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Understanding the Sales Process
Understanding the Sales Process
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Understanding the Sales Process

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This article defines a fundamental and proven successful sales process which, when applied, can help sales people consistently exceed sales goals.

This article defines a fundamental and proven successful sales process which, when applied, can help sales people consistently exceed sales goals.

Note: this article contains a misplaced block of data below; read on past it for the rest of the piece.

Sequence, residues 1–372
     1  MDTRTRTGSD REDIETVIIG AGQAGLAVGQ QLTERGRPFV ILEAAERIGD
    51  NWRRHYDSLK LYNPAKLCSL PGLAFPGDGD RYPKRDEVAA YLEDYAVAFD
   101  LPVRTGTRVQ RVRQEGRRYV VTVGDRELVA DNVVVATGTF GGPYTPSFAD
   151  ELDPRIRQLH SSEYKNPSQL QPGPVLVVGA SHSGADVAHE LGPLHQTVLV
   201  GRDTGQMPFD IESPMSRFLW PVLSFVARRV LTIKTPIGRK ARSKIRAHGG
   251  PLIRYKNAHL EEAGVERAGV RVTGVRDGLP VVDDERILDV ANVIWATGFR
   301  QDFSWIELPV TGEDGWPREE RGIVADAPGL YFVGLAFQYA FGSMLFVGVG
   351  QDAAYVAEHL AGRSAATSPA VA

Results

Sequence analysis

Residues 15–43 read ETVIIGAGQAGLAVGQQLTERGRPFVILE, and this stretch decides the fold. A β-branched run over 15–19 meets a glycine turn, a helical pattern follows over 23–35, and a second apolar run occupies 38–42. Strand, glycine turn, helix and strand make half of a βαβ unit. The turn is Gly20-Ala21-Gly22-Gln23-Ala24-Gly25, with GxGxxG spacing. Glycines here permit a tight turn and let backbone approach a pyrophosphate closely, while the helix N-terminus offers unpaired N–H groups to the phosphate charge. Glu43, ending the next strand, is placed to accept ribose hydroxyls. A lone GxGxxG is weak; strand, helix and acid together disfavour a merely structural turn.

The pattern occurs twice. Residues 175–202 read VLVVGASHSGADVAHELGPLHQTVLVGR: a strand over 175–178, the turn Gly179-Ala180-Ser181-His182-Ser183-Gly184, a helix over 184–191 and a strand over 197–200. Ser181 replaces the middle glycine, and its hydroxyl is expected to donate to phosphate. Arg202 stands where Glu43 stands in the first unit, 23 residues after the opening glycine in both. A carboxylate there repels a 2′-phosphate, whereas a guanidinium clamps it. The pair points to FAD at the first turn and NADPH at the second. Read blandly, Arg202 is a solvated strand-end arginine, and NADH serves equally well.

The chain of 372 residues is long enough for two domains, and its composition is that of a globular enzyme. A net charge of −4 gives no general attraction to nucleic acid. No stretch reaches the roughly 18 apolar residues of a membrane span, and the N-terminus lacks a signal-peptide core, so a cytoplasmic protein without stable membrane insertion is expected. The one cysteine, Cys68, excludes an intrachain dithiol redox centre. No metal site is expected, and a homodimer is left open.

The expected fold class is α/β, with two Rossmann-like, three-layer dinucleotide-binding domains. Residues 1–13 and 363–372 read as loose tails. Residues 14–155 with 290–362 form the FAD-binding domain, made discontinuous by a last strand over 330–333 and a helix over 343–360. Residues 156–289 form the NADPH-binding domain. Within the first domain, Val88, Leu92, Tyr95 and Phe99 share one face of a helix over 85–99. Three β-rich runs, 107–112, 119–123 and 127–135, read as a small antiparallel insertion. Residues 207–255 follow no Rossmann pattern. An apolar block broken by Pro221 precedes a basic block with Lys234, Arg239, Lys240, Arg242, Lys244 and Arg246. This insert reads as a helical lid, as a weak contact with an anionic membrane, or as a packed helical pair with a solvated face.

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  • 1. THE MARSHBERRY LETTER Volume XXVIII, Number 2 February, 2012 The MarshBerry Letter Page 1 February, 2012 Understanding the Sales Process Do you have a well-defined, successful sales process that consistently wins you business? Do you know what steps you took in the past that made you successful? Or on the con- trary, when you didn’t win the business, do you know where there was a breakdown? Most successful producers have a formalized and deliberate sales process or strategy they consis- tently follow which is the founda- tion to their continuous success. This article articulates a fun- damental and consistent sales process which, when applied, can help producers consistently exceed sales goals. Suspecting In all sales processes, suspect- ing is the first step (see Figure 1 below for entire sales process). Before discussing suspecting, it is important to define the differ- ence between a suspect and a prospect. In terms of pipeline management, a suspect is a person who doesn’t recognize an insurance need, doesn’t have the resources or decision power, has no sense of urgency, may or may not be engaged, or has a decision date that falls outside your typical sales cycle. Con- versely, a prospect agrees to work with you to find a solution, has a high probability of closing, fits your profile of a client, and is an individual with decision mak- ing power. In most cases, agen- cies with a clearly defined sales process will also place heavy emphasis on the new business appointment and use this step to differentiate between suspects and prospects. There are a num- ber of ways to find new suspects and prospects. Technology is progressing at such a fast pace that most people use the internet to generate suspects. There are many websites that are great to research valuable informa- tion such as SIC code, number of employees, industry type, geographic location, contact information, and in some cases, decision dates. Figure 2 (Page 2) shows that high-growth agen- cies are not as likely to provide their producers with pre-estab- lished / pre-qualified lead lists. Forum After you have found the suspect, you need to approach the oppor- tunity. This is the “forum” stage in the model. There are six levels in the forum stage: 1. Cold calls and drop-ins 2. Drop-off / follow-up and drip method 3. Associations 4. Introductions via phone or email 5. Building the bridge through social networking 6. Introductions in person / referrals 7. Cross-selling 1. Cold calls and drop-ins: This is the most impersonal sus- pecting method and typically the most ineffective method, but is a great way to expose producers to potential buyers’ objections. Experience from overcoming these objections will lead to a more pol- ished sales approach in the future. Determine Solutions Identify Needs Present Close Establish Credibility ForumSuspecting Figure 1 - A Successful Sales Process